U.S. Insulation Industry Building Decarbonization Statement of Policy Principles

Nine organizations, including NIA, the American Chemistry Council, EPS Industry Alliance, Extruded Polystyrene Foam Association, Insulation Contractors Association of America,
North American Insulation Manufacturers Association, Polyisocyanurate Insulation Manufacturers Association, Spray Polyurethane Foam Alliance, and Structural Insulated Panel Association released the following joint statement of policy principles on building decarbonization.

July 1, 2022

Energy conservation is the core value proposition of building insulation. Our industry delivers a product that cost-effectively optimizes the thermal performance of buildings with insulation materials that are safe to use and promote a cleaner environment. Over the past 20 years, insulation manufacturers have innovated products that are safer for the ozone with lower global warming potential. Many types of insulation contain recycled ingredients. Finally, the insulation industry is a leader in promoting material transparency, with environmental product declarations available for the full range of insulation products used in the building construction market.

The energy efficiency requirements in today’s building codes and standards are the cornerstones of building decarbonization.

  • Maximizing energy efficiency should be the primary goal when integrating building decarbonization goals into energy codes and standards. Efficient building envelopes optimize building energy use irrespective of fuel type and enable other building decarbonization strategies like electrification and smart building technologies.
  • Building decarbonization requires a two-part strategy: (1) reduce carbon emissions from the power used to operate the building and (2) pursue a whole-building goal to reduce the embodied energy of building materials and components. This approach should allow for design flexibility and avoid prescriptive requirements that lead to material deselection, which compromises building performance and long-term operational savings.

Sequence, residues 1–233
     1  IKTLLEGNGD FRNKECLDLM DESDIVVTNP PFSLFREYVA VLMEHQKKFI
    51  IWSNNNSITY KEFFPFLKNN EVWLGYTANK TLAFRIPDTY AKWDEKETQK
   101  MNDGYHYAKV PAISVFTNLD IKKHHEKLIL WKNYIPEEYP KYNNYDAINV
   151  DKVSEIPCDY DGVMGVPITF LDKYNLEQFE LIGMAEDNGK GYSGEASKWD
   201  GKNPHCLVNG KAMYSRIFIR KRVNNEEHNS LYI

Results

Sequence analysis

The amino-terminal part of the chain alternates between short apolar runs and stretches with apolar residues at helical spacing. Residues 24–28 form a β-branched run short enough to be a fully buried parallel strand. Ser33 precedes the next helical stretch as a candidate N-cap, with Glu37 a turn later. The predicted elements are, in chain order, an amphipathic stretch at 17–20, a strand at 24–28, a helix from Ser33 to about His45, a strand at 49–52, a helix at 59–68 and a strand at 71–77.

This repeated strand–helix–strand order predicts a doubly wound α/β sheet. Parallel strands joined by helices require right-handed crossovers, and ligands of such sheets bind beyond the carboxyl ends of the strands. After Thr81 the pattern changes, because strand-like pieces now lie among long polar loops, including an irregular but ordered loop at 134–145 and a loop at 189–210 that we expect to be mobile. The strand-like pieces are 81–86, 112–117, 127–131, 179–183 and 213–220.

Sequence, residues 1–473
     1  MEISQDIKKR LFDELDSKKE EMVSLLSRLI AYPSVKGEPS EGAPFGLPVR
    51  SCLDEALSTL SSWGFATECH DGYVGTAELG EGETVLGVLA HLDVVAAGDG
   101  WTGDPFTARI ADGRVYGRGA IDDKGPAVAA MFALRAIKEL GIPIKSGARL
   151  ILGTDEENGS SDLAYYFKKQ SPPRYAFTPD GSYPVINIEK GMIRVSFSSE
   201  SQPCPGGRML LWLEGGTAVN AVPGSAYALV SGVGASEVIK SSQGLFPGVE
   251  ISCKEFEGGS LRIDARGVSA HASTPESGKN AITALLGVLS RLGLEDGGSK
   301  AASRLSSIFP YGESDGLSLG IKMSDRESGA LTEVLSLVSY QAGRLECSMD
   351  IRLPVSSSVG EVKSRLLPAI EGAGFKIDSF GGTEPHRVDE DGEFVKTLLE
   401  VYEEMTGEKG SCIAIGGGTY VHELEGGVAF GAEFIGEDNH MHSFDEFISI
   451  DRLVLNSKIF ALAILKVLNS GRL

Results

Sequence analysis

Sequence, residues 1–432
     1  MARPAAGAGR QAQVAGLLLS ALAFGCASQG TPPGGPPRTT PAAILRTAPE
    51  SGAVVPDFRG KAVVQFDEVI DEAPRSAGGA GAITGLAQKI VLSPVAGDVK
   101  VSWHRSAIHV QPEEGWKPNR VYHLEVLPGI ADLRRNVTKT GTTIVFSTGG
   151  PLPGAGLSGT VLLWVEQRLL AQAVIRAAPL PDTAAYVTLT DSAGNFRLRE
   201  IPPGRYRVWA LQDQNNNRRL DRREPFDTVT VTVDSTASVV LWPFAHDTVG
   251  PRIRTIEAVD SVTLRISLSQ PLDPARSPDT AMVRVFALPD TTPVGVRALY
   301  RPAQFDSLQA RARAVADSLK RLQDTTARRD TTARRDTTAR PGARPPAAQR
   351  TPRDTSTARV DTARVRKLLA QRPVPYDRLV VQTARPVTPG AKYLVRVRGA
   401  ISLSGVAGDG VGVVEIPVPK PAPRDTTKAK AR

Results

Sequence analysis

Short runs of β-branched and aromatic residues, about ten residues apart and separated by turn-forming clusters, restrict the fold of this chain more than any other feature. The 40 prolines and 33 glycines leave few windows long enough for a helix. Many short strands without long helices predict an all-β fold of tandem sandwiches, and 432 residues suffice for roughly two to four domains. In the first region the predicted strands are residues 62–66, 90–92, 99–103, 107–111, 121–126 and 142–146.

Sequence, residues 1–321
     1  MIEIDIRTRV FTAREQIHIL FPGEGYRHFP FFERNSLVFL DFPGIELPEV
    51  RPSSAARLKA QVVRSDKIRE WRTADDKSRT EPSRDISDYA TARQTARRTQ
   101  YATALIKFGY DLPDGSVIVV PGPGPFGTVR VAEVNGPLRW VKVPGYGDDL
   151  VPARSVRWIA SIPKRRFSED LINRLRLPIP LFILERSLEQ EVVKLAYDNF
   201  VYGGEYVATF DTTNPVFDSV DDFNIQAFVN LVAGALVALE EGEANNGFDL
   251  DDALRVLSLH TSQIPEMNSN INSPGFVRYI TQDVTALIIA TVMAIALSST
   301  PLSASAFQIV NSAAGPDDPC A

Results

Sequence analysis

• Building insulation optimizes the thermal efficiency of a building’s envelope, HVAC, and piping systems, which reduces the building’s carbon footprint through lower heating and cooling energy consumption. This is especially important where access to low carbon power sources is limited.
  • A fully optimized building envelope enables the efficient use of low carbon power sources such as renewable electricity to manage peak utility load demand and achieve zero energy building goals. Policies that incentivize or require the use of renewable electricity should never be used as a rationale for weakening current energy code building envelope standards.
  • Energy code trade-offs that weaken building envelope standards in exchange for more efficient HVAC systems should be avoided because they do not advance whole building decarbonization and do not result in overall savings. Such trade-offs increase operational costs over the life of the building.

Federal Building Performance Standards can be used to rapidly decarbonize the federal government’s building portfolio.

  • The construction and alteration of federally owned and leased buildings should comply with the building envelope, mechanical and hot/cold water piping requirements of the 2021 International Energy Conservation Code (IECC) (and ASHRAE 90.1-2019). Doing so will leverage energy efficiency as the primary means of whole building decarbonization.
  • Building energy codes and performance standards should consider the service life of building components and encourage building retrofits to drive significant building envelope and mechanical system insulation improvements over time. This is especially true for existing buildings built prior to the widespread adoption of modern energy codes and standards.